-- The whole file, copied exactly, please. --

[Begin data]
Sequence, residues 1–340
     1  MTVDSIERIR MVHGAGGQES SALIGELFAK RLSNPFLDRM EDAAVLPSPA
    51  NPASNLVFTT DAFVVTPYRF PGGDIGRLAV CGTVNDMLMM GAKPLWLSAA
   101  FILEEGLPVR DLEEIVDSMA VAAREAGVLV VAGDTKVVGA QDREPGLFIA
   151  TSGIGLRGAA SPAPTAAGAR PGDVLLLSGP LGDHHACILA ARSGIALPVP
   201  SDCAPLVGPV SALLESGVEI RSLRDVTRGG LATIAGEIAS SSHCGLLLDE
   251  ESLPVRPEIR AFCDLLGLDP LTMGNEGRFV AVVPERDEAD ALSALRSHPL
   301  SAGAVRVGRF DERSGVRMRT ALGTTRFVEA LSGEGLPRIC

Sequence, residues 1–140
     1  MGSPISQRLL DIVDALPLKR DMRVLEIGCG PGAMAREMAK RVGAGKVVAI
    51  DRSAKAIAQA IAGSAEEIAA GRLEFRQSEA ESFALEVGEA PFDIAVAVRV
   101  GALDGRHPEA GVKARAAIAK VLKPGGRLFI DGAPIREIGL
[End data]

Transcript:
Sequence, residues 1–340
     1  MTVDSIERIR MVHGAGGQES SALIGELFAK RLSNPFLDRM EDAAVLPSPA
    51  NPASNLVFTT DAFVVTPYRF PGGDIGRLAV CGTVNDMLMM GAKPLWLSAA
   101  FILEEGLPVR DLEEIVDSMA VAAREAGVLV VAGDTKVVGA QDREPGLFIA
   151  TSGIGLRGAA SPAPTAAGAR PGDVLLLSGP LGDHHACILA ARSGIALPVP
   201  SDCAPLVGPV SALLESGVEI RSLRDVTRGG LATIAGEIAS SSHCGLLLDE
   251  ESLPVRPEIR AFCDLLGLDP LTMGNEGRFV AVVPERDEAD ALSALRSHPL
   301  SAGAVRVGRF DERSGVRMRT ALGTTRFVEA LSGEGLPRIC

Sequence, residues 1–140
     1  MGSPISQRLL DIVDALPLKR DMRVLEIGCG PGAMAREMAK RVGAGKVVAI
    51  DRSAKAIAQA IAGSAEEIAA GRLEFRQSEA ESFALEVGEA PFDIAVAVRV
   101  GALDGRHPEA GVKARAAIAK VLKPGGRLFI DGAPIREIGL